12. Scientific Investigations 

Success Criteria

Your learning has been successful if you can do the following:


Learn these so you can communicate this concept well.

Lesson 4: Hei Mahi (Do Now)

Do Now:

Collect and complete this small 'Do Now'. Then glue into your SciPAD page 11. Use your commonsense when glueing - don't glue straight on-top of words!

Lesson 4: Exit Task

Find some space on page 15 of your PESS1.2 SciPAD,
and answer the following questions:

What does each letter in CUTLASS stand for? 

What do Scientists do? What is a Scientific Investigation?

The process of creating a question, developing a hypothesis and carrying out a test to collect data which is then analysed to see if their hypothesis is proved or disproved is called a 'scientific investigation'.

Fair Tests Only Change ONE Variable

Is this a 'Fair Test'? Why or Why not?

I want to find out whether a particular energy drink improves athletic ability. 

I run a 100 m sprint without having the energy drink and time how long it takes. Then, I take the energy drink and run the same distance (100 m) and time how long it takes. 

This is not a fair test because there are several variables that are not controlled. 

VARIABLES are all the things that could change during an investigation. 

E.g. In a bouncing ball investigation, where the height a ball bounces to to is measured after it is dropped at different heights, many things could affect the results from one experiment to the next such as using a different ball, a different drop height or a different surface which the ball is dropped on. Identify the three different variables.

Identify the independent variable and dependent variables in the following scenarios:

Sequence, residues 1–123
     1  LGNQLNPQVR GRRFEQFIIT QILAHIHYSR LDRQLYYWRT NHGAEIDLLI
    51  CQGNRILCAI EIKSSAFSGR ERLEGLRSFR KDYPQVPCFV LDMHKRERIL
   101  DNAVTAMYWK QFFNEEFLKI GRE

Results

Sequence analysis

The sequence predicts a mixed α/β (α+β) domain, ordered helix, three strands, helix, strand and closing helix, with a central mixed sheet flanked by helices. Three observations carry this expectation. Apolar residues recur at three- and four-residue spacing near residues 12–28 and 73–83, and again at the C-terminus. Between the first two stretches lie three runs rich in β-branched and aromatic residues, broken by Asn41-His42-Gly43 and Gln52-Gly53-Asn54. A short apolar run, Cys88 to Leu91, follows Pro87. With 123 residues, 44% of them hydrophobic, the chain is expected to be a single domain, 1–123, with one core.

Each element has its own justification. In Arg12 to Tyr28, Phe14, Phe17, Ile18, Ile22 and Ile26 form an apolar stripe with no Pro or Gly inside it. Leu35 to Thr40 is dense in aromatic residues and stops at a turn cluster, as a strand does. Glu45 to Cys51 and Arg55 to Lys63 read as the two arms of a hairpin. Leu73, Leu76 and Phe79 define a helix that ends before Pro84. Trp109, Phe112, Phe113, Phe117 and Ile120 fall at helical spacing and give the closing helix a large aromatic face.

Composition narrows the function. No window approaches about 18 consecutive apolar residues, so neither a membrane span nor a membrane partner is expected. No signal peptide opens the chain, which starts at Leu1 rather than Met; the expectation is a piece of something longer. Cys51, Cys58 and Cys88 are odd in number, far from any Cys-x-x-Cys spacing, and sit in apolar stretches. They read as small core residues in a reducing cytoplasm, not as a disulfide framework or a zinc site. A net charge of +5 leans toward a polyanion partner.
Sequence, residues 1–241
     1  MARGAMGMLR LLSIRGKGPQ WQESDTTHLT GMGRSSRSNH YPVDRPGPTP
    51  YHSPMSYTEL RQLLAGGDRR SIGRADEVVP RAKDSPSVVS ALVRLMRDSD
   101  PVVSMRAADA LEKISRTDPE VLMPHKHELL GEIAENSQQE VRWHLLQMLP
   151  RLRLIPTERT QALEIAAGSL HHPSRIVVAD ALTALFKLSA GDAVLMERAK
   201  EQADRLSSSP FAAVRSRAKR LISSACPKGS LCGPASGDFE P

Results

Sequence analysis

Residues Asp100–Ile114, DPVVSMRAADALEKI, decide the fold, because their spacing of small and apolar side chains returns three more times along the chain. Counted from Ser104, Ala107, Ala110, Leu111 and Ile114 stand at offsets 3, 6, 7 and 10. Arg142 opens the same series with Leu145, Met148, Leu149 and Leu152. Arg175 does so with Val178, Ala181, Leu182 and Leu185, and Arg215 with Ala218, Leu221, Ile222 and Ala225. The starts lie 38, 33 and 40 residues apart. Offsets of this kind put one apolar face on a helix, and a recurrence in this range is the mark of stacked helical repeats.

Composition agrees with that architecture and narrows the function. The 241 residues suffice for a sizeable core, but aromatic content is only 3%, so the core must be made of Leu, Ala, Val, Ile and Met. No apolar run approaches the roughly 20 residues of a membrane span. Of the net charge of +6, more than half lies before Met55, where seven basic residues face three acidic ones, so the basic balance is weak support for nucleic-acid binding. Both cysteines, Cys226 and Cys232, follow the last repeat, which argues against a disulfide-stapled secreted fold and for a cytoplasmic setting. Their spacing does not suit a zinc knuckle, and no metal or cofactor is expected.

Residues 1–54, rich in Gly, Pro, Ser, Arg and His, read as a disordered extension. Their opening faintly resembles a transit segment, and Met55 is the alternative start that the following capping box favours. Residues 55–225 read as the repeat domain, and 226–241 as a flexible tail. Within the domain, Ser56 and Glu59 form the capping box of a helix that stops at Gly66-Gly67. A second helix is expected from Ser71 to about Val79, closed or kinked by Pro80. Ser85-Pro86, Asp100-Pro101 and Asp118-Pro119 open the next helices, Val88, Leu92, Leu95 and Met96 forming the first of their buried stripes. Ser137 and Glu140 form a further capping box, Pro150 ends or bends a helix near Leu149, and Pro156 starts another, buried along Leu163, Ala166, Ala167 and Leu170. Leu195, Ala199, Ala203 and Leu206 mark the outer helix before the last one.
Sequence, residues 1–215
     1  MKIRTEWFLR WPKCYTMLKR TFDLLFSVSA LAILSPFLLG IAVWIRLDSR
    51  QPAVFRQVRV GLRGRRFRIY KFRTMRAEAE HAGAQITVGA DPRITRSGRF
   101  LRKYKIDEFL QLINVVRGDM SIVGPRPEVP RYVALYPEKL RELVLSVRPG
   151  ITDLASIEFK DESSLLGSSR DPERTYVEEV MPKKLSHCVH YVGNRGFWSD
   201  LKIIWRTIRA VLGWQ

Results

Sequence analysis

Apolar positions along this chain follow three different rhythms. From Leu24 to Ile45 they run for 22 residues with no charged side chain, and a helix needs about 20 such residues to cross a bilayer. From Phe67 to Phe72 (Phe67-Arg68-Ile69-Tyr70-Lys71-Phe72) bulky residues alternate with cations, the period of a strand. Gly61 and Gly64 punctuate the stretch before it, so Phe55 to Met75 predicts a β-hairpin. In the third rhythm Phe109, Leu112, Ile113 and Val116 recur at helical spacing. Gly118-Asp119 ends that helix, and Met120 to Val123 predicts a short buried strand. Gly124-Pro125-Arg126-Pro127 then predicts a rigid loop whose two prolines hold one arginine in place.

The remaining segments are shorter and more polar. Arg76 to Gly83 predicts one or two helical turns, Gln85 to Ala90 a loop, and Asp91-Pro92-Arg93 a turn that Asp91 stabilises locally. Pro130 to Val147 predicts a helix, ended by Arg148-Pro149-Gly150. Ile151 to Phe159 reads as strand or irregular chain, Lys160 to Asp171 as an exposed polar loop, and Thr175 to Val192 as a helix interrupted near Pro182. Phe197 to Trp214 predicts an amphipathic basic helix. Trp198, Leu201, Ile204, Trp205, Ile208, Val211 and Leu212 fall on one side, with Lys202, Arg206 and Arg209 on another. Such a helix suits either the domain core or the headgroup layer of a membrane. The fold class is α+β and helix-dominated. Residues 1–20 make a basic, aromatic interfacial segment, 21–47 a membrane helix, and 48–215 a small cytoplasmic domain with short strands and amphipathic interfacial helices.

An investigation to see which variety of tomatoes gave the most juice to make ketchup.

independent variable: variety of tomatoes

dependent variable: volume of tomato juice

The concentration of acid and the length of time it takes to break down a piece of metal.

independent variable: acid concentration

dependent variable: length of time taken to break down metal

How a person’s heart rate is affected by the number of cigarettes that they smoke.

independent variable: number of cigarettes smoked

dependent variable: heart rate

Parts of a Scientific Investigation

AIM (focus question): What you are trying to find out or prove by doing the investigation. 

HYPOTHESIS (prediction): What do you think you will find?

METHOD: Simple, clear steps of what you will do – and how it will be repeated by another person (specific, clear, concise).

RESULTS: Data, tables and graphs collected from investigation.

CONCLUSION: What your results tell you – linked back to the aim.

DISCUSSION: Science ideas to explain your results, possible improvements to the investigation, how you managed to control the other variables and why (to ensure reliability).

Click through these slides to find out more about each part. 

Parts of a Scientific Investigation (excludes Discussion)

Tasks & Homework

Task 1: PESS1.2 SciPAD

Page 14 - Calculating Speed from a Distance-Time Graph

Page 15 - New Zealand Secondary Schools Rally Team


Access your own copy of this homework task on Microsoft Teams. 

Homework - 9. Converting V-T to D-T Graphs